In last month’s News, we announced that the Farmers Market management and the City of Oakland were both talking sh_t due to concerns over hazardous wastes – an issue that had become a major sticking point in their negotiations over a long-term lease agreement. According to AIM CEO Andy Naja-Riese, they had a meeting yesterday morning with the City’s property management office during which they were informed that the City lacked the resources to remove hazardous wastes very early on Saturday mornings. In response, AIM noted that they were already renting an additional port-a-pottie for unsheltered individuals to use during the week and would also be willing to contract directly for clean-up services with the expectation that the City would agree to a reduction in rent. From what we’re hearing, Councilmember Nikki Fortunato Bas’s office is optimistic about an agreement being reached on this issue.
On a related matter, as part of the initial Sheltering in Place order, the market has been operating without any hot food vendors but AIM is hopeful that the Alameda County Health Department and Oakland’s Fire Marshall will sign off on their return within the next couple of weeks. Once they do return, it will be purely takeout as foods have to be consumed offsite.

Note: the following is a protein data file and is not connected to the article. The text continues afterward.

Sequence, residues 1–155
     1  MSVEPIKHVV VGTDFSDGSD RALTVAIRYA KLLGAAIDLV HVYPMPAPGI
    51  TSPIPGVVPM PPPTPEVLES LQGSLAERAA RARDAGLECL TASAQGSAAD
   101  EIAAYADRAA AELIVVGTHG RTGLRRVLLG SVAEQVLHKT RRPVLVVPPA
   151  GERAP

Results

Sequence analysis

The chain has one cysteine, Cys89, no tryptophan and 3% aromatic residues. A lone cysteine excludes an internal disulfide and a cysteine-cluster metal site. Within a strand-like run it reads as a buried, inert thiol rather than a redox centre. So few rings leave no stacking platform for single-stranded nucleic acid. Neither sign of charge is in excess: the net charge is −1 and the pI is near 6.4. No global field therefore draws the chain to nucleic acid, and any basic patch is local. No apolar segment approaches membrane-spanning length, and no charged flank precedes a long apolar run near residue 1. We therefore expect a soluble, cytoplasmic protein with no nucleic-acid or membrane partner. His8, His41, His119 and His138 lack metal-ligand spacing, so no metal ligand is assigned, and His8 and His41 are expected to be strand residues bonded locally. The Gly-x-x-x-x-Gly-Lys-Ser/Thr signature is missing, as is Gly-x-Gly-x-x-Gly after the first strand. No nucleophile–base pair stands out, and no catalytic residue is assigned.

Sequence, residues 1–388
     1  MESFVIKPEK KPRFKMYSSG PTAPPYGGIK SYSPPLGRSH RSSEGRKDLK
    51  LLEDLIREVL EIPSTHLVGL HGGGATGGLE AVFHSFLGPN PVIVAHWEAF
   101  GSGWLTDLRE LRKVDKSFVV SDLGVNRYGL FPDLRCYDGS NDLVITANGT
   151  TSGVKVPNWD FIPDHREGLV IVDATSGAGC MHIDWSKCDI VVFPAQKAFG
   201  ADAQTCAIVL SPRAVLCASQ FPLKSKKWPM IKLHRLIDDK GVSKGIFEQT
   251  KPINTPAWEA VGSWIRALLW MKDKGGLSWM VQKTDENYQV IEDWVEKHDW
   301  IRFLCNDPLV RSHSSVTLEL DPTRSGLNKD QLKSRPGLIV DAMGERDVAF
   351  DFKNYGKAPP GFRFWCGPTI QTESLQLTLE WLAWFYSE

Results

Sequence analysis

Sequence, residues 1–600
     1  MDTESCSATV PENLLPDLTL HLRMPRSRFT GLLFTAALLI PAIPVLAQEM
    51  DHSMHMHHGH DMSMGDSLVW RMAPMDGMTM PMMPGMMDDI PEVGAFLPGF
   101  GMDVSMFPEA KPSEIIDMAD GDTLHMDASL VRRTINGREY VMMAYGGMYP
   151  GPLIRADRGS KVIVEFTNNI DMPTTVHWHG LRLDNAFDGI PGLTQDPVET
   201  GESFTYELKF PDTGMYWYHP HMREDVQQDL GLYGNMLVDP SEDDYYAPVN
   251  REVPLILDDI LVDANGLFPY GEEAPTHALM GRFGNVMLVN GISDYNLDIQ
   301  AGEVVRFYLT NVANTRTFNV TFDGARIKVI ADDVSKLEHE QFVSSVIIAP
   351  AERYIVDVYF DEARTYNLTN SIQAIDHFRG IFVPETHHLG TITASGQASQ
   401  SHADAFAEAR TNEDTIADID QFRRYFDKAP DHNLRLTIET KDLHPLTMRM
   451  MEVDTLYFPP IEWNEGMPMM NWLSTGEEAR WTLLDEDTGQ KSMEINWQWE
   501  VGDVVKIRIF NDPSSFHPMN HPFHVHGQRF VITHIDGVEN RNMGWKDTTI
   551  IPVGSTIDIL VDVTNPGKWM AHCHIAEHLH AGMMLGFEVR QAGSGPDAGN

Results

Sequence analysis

In The Katz Kitchen
by Ken Katz
As everybody knows, you can’t teach an old dog new tricks but what’s even harder is getting this old (Katz) cat to embrace produce that hasn’t typically graced our table in the past. Given our reliance on the Grand Lake Farmers Market’s Bounty Boxes for the past three plus months that’s becoming something of a necessity as what comes inside that box is always a surprise. Sometimes we’re more pleasantly surprised than others – even though we’re always hugely impressed by the quality and freshness of the produce – especially compared to supplemental items we’ve occasionally ordered online and picked up curbside at various supermarkets that shall remain unnamed.